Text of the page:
I have always felt welcomed at “THE” table. I grew up convinced that Jesus had that table and I had a spot right up next to him at it. No matter if I was dressed up, tired from doing homework, mind-wondering from ignoring the sermon, as a teen I KNEW I had a place.
It wasn’t until I left my childhood church that I wondered about my place and the place of others. When I came out as a lesbian and others became judgmental about my place at the table, I became judgmental about theirs, as well. I got a Religion degree from Philips U. focusing on the Old Testament. I loved the prophets and their call to social justice. I thought that would carry me.
I attended seminary in Denver during the late 80’s and 90’s, a very troubling time in Colorado, the “Hate State”. There was a vote about legislating homophobia and hate into a state amendment. I was an activist, putting my time and money where my mouth was and was horribly wounded when Hate won the election. My reaction was to walk away from Seminary, one quarter before I graduated.
But an Open & Affirming Home Church, the first in the Central Rocky Mountain Region of the DOC, was being born at the same time. They nurtured me, listened to my grief and anger, and challenged me to be part of the leadership, even though I had walked away from the traditional, established brick and mortar church.
Finally, after my healing had reached a certain point, a retired minister pointed out a youth director position that would not be a problem time-wise (Since we met on Sunday afternoons) and I applied as an out lesbian and got the job. I spent eight years working with youth on a local and regional level and became a staunch defender of ALL youth inside the church and out. I also became furious with the churches that taught our youth that they were “abominations” and not welcome at the Lord’s table, meaning either communion or the larger feast of radical hospitality and belonging in the church.
One day, as I was driving, a tiny little voice spoke to me in my ear. I had been ruminating on my favorite complaint, “How can they be welcome at the table if they are teaching our youth to hate themselves and consider suicide?” The voice came clear as a bell. She said, “The table is not yours to offer the invitation.” I pulled over. The voice was right. If Jesus invited everyone that meant everyone. It meant the gay teen; it meant me, the gay adult; it meant those who taught hatred of who we were. It meant all God’s children. No exceptions.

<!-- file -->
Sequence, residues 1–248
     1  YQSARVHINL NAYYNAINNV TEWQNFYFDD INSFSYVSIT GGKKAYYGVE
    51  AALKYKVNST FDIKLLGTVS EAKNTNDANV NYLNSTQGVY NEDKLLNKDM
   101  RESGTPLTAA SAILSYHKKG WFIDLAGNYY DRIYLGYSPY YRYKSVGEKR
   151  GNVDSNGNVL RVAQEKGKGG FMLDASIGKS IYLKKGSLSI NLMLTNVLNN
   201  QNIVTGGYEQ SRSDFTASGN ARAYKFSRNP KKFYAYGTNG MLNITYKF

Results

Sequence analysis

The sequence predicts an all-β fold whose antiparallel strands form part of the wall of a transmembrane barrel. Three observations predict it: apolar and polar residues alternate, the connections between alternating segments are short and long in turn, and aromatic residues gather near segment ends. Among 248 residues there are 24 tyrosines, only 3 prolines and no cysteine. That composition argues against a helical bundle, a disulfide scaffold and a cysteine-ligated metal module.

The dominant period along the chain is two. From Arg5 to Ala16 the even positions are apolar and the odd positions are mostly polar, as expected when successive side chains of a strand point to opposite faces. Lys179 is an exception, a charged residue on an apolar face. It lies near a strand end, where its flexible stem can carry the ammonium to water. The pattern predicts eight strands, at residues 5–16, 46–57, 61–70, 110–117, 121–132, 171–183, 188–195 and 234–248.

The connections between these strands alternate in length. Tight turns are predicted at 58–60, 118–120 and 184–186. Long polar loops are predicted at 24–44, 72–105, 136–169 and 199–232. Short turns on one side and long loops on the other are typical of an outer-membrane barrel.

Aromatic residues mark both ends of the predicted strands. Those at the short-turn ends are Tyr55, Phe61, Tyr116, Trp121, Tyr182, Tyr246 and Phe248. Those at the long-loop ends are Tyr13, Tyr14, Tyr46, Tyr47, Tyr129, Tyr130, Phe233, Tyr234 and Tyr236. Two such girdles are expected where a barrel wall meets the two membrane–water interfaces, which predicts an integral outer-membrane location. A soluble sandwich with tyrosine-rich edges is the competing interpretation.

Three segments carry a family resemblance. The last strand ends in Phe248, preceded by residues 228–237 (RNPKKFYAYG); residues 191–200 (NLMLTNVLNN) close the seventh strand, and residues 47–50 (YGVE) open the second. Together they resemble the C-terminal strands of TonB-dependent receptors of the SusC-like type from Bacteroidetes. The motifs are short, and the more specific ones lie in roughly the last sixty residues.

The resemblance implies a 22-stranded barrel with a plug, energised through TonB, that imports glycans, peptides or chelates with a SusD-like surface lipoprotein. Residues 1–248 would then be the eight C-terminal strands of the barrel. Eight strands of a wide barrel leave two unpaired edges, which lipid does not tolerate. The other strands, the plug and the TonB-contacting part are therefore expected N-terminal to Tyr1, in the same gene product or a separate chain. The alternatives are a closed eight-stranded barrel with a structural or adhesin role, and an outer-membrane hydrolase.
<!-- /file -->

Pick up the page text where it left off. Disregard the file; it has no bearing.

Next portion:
I heard a talk at a Regional Assembly a few years later, about the “people of the asterisk.” It told about people that felt they were an asterisk to the comment, “Everyone is welcome* but…” Everyone is welcome but you. Everyone is welcome but addicts. Everyone is welcome except prostitutes. Everyone is welcome but LGBT people. Everyone is welcome but smelly, dirty homeless people with mental illnesses.
Too often there IS an asterisk, unspoken of course, to our invitation to the table. Being in an active, fiercely loving, intentional, “money where their mouth is”, O&A “gay church” (as perceived by many in our region) has helped me heal the wounds of cruel-hearted rejection and mild-mannered exclusion. I now function back in my original belief…I HAVE a place at the table and nothing can shake that. But it is broader. Those who would reject me also have a place at the table. (I may have to keep prayerfully reminding myself that it is not my table…but I finally do believe!) This means, of course, that all the people of the asterisk are welcome, the transgender woman, the HIV positive man, the woman who has had an abortion, the man who is an addict, the person who has not heard the good news: Jesus put no limit of “membership” on his table, he simply passed it among friends. So everyone is welcome at the table, be it their first time or their 20th, be they Christian or agnostic or anything else, there is a place for them. Truly ALL are welcome and I don’t get to put any limits on that ALL.
Having gotten to that place, it makes coming to the table a joy-filled, awe-some experience for me. I wish that experience for everyone, and I do mean Everyone, else.